Saturday, December 31, 2005


Over the last couple of months a lot has been said about withdrawing, "redeploying" troops and getting out of Iraq. As if the removal of troops from Iraq shall end Americas commitment or relationship with Iraq.

Americans may not like it, and Iraqis may want American troops out of Iraq, but one thing is for sure, Iraqi's shall need America for the foreseeable future. If one considers the relationship of the former European colonizers and their colonies (especially in Africa), one realizes that the imperial master continues to play a lasting role in the life of the colonized for quite a long period of time after effective colonization is done. Some may quibble with the classification of the current situation in Iraq as that of Colonial master and Colony, but it is what it amounts to.

If you ask the British or the French, they continue to be relied upon by their former colonies to resolve political, economic and military conflicts. Many African countries rely upon their former colonial masters for economic, political and social leadership. Whenever a crisis comes along - in Ivory Coast, Sierrra Leone, etc the former colonial master is likely to play a critical role in resolving the proplems/crisis.

The same goes for Iraq. From now on - till Iraq can stand on her own two feet - Iraqi's shall rely on the Americans to help resolve their political, social, and economic quarrels and problems. Those who believe that withdrawing American troops is the end of America's commitment to Iraq are seriously mistaken and should take a serious look at their expectations of what America's role in the world is.

Happy New Year

B4 the sun sets on 2005, B4 the memories fade, B4 the networks get jammed and B4 I get drunk and lose my phone . I wish yall in cyberspace a happy new year and a prosperouse 2006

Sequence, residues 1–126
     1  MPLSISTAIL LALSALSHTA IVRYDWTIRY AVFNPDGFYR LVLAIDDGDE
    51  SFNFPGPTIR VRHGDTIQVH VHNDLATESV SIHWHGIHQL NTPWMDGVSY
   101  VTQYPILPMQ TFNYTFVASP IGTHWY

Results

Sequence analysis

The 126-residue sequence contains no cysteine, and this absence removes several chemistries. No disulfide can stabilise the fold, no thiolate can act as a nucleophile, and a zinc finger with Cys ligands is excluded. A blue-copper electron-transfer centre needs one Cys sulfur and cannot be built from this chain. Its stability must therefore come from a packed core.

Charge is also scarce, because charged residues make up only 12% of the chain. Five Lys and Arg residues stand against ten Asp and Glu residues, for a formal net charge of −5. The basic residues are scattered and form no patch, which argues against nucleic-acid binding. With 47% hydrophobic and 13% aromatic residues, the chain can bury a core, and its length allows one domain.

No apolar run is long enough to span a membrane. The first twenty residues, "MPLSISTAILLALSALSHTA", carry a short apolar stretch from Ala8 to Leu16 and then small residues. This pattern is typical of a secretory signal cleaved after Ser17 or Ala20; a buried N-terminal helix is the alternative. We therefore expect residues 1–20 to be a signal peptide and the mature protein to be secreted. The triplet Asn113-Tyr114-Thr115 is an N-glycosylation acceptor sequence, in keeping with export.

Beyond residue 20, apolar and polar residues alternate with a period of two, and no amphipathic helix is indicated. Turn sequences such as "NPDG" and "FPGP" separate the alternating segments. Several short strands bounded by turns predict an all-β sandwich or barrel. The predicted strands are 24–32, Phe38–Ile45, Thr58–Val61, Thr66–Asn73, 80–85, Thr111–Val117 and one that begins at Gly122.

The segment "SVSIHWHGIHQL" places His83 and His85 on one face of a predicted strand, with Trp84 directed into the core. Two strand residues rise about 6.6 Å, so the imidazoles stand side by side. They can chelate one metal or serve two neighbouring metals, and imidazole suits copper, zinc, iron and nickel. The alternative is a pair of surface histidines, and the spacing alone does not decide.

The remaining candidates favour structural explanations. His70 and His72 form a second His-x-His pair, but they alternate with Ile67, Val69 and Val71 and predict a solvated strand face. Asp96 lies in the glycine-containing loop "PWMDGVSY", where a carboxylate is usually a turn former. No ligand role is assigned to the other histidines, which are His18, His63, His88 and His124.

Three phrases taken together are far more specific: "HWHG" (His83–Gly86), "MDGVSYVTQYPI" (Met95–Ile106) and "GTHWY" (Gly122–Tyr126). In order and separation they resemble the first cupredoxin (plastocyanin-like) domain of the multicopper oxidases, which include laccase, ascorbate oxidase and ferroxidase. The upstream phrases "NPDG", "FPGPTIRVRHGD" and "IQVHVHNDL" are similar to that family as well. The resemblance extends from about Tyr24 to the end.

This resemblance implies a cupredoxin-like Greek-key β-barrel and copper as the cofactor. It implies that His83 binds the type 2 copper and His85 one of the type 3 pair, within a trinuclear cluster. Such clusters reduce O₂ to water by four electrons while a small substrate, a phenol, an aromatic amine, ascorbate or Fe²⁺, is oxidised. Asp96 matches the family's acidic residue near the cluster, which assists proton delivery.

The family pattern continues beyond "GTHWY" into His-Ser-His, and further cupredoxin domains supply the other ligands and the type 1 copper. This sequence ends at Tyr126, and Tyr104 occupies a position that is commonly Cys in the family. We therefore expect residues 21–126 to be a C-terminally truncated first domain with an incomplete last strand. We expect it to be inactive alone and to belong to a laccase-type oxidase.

Friday, December 23, 2005

The SDP experiment

A couple of years back the leadership at the Social Democratic Party of Kenya (SDP) – Apollo Njonjo, Anyang Nyongo – brought in to Kenyan politics a novel and bold idea. Separate the party leadership from the popularly elected politicians. A member of parliament could, therefore, not hold an office in the party structures etc… etc…This was a system akin to what American parties have, where there is a separate leadership for the Republican National Committee (RNC), Democratic National Committee (DNC) and other leaders (e.g. House, Senate, State etc) For, example, Ken Mehlman heads the Republican party, (though when one party holds the white house, the president is deemed to be the titular head of the party) while Howard Dean heads the democrats.

The dream of a separated party and political structure fizzled when Ms. Ngilu decamped from the party and joined the National Party of Kenya, in yet another installment of political musical chairs in Kenya. The dream was in deed a bold statement, but one wonder – with the current problems the Democrats are facing in America – whether the system would have been workable.